The Haunting is a movie that I’m surprised doesn’t get Internet attacked ala Poltergeist. After all, it is the most Spielberg movie directed by another director since Hooper’s 1982 outing. Jan de Bont made his name as a cinematographer and eventually broke through to feature directing with Speed. After follow-up success with Twister, de Bont had become a 90s action director icon. So, why this movie?
Shirley Jackson’s The Haunting of Hill House gets copied, cribbed and ape’d from for decades. While Spielberg and King worked together for awhile to make it happen, it felt inevitable that it would end up being a summer tentpole movie. After all, leaning on the supernatural without the gore scares plays better outside of Halloween. Most Halloween movie seasons are driven by horrific films.
Director Jan de Bont isn’t the first person that I’d let remake a Robert Wise movie. Well, maybe he can take a crack at the later stuff. Different sensibilities produce different results when certain people tackle horror. Spielberg skews towards fantasy, Del Toro skews towards intimacy and DePalma skews towards sexuality. What does de Bont skew towards?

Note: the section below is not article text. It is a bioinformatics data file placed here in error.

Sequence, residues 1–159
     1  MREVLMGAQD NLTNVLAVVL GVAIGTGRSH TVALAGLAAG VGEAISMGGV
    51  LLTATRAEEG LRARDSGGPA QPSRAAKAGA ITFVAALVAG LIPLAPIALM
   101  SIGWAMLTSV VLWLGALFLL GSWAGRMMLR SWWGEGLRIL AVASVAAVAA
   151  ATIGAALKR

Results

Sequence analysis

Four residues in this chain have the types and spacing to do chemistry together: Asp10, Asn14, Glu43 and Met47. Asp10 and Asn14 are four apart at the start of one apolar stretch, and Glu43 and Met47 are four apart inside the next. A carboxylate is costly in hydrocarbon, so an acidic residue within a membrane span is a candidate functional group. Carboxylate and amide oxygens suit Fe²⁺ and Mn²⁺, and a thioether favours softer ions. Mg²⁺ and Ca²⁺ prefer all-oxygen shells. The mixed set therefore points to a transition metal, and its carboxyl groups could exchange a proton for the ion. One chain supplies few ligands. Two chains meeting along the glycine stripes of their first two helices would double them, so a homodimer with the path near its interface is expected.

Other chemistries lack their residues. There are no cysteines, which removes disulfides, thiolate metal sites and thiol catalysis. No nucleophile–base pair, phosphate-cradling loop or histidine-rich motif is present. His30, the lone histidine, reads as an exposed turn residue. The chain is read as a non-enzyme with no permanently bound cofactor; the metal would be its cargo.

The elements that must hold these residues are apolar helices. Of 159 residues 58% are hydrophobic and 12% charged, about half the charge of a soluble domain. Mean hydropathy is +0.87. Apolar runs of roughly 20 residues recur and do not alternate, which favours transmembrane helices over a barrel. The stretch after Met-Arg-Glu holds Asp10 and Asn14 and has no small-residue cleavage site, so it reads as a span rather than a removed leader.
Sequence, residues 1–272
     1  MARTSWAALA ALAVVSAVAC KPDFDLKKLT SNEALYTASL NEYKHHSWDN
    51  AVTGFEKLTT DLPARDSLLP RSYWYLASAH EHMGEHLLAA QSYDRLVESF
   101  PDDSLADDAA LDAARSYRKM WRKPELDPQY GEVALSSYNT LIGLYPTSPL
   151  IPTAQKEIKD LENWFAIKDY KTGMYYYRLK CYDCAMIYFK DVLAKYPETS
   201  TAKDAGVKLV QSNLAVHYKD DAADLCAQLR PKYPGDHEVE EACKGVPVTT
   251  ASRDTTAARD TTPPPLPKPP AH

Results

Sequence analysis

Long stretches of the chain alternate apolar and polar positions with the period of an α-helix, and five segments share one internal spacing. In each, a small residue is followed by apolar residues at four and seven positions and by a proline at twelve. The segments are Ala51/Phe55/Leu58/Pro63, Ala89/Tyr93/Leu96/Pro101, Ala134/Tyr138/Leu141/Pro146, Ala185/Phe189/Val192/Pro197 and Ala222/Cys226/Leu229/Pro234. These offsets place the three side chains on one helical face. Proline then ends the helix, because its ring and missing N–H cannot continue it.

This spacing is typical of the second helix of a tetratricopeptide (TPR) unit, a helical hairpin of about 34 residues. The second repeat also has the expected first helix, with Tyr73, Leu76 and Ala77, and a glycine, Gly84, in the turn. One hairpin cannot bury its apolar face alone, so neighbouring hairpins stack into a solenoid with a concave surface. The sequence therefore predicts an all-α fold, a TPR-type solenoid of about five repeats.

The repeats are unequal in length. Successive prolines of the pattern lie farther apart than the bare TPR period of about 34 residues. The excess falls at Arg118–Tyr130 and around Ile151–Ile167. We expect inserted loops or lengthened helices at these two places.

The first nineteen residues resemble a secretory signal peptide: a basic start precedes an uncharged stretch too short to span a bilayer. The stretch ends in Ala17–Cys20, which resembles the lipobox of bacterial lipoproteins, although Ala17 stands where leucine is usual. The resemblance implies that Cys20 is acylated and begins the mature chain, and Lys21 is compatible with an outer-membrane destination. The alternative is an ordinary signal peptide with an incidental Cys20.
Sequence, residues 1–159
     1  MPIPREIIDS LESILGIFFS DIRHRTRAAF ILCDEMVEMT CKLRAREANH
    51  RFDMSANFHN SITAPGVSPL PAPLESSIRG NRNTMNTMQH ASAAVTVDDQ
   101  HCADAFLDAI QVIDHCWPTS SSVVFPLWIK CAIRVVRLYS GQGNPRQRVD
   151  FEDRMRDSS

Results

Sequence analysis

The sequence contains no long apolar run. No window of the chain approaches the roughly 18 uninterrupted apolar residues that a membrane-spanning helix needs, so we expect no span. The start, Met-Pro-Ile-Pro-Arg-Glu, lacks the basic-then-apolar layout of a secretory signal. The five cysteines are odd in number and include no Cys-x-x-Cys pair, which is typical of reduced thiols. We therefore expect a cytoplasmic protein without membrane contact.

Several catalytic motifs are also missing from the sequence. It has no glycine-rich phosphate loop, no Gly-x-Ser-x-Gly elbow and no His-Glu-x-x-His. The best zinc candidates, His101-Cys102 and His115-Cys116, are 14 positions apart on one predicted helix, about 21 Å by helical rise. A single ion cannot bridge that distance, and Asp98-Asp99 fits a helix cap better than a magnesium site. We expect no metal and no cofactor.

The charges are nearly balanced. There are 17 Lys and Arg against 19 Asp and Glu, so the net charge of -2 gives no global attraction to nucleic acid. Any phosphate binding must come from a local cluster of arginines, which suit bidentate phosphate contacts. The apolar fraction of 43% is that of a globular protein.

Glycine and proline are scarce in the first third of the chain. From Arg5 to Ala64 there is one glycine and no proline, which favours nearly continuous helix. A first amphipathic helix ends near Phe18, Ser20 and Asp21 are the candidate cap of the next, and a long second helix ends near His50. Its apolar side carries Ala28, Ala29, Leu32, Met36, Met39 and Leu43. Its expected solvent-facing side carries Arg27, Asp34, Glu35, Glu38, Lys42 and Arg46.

Absolutely nothing. What feels like it could’ve been a forewarning of the later success of The Conjuring series is that this film is a programmatic session of toothless scares. It isn’t until almost the end of the film that we get the first semi graphic kill with Owen Wilson losing his head in the fireplace.
Are there some attempts to scare early? Sure, but it’s limited. More efforts are spent on trying to psych up audience that they forget to put any creative meat out there. Having seen this film early in 1999 and revisiting in 2020, the flaws remain the same. There is nothing at play that anyone should care about watching.
Lili Taylor’s journey is a character in search of a purpose. Then, they shoehorn in world building and the need to actually show horror in the third act. Was it David Self trying to accurately adapt a novel or a director that was firmly out of his wheelhouse? The Haunting leaves more questions than it answers.
Paramount brings The Haunting to Blu-ray with a stacked Paramount Presents release. You get a new filmmaker focus about the making of the film. Plus, you also get featurettes and trailers ported over from the old Dreamworks DVD. The A/V Quality is strong, but fails to truly impress in the HD/4K era. Still, if you’re a fan…pick it up.
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